Don't get me wrong. I think all this Kindle stuff is great. I think people who put their books out on their own and try to build a name for themselves are showing initiative and drive and should be commended, regardless of how badly written their books might be.

But let's not kid ourselves and pretend we're all published writers because we took 15 minutes to post our books on the Kindle, because that's just silly.

Also (and I can't believe I even have to say this), you're not a bestselling writer just because your book wound up on Amazon's top seller list for Kindle novels any more than I was an astronaut when I was seven because I drank a lot of tang.

I know publishing is tough, but let's keep these things in perspective, please.

Stacey Cochran said...

A very well articulated response, Anon 2.

Of course, I completely disagree with you.

9 out of 10 debut novelists tank and they cost their publisher money. That is, publishers lose money on 9 out of 10 folks who take the attitude you're espousing.

Now, if those 9 out of 10 had worked to develop a readership on their own of 20-30,000 readers before traditionally publishing, they would be much less likely to lose money for their publisher.

That's exactly what I'm doing. I am building a base readership of folks who want to read my fiction.

To me it seems completely selfish (and just plain stupid) to say, I'll do nothing to establish a fan base and expect my traditional publisher to carry the entire burden of selling my first book. Not to mention that you're learning nothing about how to sell a book if you take that position.

Imagine for a second you're a small press publisher and you're faced with two manuscripts: one from someone who has never done anything whatsoever in publishing, has no connections, no marketing experience, no network with bookstores, press, no way to get blurbs from bestselling authors, etc.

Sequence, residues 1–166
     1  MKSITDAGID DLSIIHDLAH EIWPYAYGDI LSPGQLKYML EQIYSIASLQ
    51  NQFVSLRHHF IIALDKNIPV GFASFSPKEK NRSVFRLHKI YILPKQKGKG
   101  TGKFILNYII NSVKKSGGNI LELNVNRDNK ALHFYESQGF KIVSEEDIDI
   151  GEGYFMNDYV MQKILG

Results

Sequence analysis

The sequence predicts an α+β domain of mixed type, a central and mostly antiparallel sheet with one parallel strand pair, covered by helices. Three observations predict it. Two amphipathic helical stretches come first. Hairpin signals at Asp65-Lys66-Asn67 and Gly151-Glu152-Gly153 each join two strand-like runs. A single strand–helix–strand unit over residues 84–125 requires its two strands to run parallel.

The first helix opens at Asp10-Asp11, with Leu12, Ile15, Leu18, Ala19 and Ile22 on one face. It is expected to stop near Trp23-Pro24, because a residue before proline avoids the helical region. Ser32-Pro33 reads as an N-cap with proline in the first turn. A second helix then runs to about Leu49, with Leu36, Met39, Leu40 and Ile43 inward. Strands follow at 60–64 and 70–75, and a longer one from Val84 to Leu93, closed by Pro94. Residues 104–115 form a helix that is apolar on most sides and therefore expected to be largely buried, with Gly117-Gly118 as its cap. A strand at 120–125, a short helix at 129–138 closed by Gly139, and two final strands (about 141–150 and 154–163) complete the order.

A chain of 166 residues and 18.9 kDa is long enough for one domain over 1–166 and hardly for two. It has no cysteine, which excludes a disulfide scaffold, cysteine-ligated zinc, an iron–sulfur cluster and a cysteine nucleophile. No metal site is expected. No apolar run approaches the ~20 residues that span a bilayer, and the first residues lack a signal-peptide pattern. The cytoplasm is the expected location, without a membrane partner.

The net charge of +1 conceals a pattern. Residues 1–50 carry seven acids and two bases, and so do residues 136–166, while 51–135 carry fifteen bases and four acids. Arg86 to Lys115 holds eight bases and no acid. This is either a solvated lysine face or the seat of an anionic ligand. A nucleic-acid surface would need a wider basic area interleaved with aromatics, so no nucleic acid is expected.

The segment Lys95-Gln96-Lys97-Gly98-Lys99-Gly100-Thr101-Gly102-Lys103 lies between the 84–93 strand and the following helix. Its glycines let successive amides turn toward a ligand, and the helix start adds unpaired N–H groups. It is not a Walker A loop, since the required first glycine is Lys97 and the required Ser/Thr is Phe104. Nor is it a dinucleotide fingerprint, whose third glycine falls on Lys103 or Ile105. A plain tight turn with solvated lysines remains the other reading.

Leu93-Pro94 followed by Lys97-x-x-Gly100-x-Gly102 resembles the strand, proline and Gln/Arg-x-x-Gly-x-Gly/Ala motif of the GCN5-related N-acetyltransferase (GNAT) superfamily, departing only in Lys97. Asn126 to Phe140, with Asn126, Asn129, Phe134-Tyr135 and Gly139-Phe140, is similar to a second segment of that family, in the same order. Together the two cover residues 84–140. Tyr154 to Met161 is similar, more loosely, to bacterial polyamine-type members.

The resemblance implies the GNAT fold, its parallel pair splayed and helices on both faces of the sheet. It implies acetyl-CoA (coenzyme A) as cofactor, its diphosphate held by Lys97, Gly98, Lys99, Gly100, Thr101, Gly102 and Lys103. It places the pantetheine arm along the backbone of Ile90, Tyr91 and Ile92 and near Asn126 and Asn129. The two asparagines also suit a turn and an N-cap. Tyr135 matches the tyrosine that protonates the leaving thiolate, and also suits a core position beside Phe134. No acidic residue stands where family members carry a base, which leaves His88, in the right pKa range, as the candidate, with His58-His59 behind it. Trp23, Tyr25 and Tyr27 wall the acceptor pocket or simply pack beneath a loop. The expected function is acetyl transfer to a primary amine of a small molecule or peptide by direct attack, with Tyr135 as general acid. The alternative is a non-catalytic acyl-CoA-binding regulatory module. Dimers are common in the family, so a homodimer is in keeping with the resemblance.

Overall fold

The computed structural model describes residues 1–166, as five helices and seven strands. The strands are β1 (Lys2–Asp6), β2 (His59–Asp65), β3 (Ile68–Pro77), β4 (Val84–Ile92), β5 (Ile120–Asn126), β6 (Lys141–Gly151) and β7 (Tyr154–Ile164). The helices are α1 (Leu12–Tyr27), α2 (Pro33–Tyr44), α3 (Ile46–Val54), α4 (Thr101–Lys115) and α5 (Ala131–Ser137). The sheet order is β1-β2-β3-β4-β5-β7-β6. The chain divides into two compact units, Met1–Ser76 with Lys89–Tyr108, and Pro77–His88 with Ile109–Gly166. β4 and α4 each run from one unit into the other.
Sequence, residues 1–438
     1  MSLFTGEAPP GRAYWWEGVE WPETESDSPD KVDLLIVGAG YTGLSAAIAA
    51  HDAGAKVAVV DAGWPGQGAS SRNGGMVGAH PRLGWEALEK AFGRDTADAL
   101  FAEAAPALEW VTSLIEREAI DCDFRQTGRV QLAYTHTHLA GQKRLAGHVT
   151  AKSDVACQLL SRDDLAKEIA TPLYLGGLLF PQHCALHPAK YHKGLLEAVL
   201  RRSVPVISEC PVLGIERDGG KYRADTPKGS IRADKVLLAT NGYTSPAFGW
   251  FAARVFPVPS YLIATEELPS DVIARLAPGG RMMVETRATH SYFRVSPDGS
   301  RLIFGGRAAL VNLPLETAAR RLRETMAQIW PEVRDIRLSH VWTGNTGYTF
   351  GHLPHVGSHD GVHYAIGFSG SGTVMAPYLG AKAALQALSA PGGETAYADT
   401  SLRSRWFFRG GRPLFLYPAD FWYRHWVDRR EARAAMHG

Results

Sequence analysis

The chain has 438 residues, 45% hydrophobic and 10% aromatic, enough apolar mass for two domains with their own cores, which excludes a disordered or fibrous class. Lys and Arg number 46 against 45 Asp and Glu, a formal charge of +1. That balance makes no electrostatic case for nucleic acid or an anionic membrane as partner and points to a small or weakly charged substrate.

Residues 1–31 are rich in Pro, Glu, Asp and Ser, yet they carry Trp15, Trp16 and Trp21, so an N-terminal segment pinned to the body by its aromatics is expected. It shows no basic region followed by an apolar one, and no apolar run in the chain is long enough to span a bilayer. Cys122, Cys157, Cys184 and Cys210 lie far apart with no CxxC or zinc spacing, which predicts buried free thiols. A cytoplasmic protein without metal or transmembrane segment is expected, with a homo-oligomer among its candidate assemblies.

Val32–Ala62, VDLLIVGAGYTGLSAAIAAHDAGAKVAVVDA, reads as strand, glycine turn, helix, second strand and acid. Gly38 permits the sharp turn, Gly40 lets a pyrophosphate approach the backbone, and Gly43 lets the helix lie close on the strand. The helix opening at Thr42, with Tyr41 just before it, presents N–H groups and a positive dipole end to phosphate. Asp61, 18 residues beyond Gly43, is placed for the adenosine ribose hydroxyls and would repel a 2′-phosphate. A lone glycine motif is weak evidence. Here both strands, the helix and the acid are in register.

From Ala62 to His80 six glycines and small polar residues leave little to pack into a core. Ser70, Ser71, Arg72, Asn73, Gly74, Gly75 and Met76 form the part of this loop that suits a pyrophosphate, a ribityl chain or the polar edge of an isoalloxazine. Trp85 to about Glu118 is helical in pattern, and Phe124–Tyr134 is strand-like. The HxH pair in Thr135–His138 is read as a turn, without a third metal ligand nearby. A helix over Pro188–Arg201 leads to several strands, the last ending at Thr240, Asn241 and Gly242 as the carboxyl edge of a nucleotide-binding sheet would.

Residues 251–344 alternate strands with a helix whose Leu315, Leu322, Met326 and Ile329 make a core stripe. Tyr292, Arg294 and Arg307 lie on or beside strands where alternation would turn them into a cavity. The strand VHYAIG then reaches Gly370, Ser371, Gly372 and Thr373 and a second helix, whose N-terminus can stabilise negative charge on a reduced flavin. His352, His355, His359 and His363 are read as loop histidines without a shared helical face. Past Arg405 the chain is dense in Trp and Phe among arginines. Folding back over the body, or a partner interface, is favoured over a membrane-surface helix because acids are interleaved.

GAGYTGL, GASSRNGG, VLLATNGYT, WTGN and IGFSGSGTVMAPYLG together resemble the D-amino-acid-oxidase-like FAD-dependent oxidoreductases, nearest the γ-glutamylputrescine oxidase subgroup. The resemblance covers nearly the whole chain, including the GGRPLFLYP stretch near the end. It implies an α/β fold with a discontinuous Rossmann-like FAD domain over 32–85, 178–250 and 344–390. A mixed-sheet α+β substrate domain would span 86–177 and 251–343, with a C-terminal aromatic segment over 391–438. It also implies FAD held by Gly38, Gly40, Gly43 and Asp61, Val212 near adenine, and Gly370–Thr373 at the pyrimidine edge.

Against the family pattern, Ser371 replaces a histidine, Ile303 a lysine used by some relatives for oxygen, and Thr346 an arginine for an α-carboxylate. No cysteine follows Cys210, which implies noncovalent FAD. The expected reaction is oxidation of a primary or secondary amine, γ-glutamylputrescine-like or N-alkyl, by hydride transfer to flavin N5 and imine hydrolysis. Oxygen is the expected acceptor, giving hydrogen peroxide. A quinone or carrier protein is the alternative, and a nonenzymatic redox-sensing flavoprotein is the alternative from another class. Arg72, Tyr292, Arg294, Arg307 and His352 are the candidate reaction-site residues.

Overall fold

Or a second manuscript from an author who has sold 50,000 self published copies of his books, has a vast network of bookstore, press, and writing community folks, has done more than 300 bookstore events, has been on television talking about books over 100 times with numerous New York Times #1 bestselling authors, and has a fan base that will immediately make you thousands of dollars.

Maybe you'd go with person one....

CLAWS for 80 cents

The Colorado Sequence for 80 cents

Anonymous said...

No, you're right, Stacey. Just keep in mind that until said publisher buys your book, you're not a published author.

Other than that, 50,000 copies is a hell of a lot of copies to sell on your own. By your own admission you've only sold 2000 copies this month, and that's for two books, so technically you're only selling 1000 copies a month or 33 copies a day, which isn't bad by any means, but it'll still take you over two years to sell 50,000 copies, not taking into account that sales might drop.

Maybe you'll max out at 3500 copies.

On the kindle that's not a big deal, but if you decide to put one of your books out in print and you only sell a few thousand copies, well, then you're fucked because those numbers will follow you.

All the other stuff you mentioned about bookstores and being on TV with published writers, etc, is nice but it's not going to help you get a book published if the book isn't any good, or the publisher doesn't think they can sell it, or it hasn't sold tens of thousands of copies on it's own.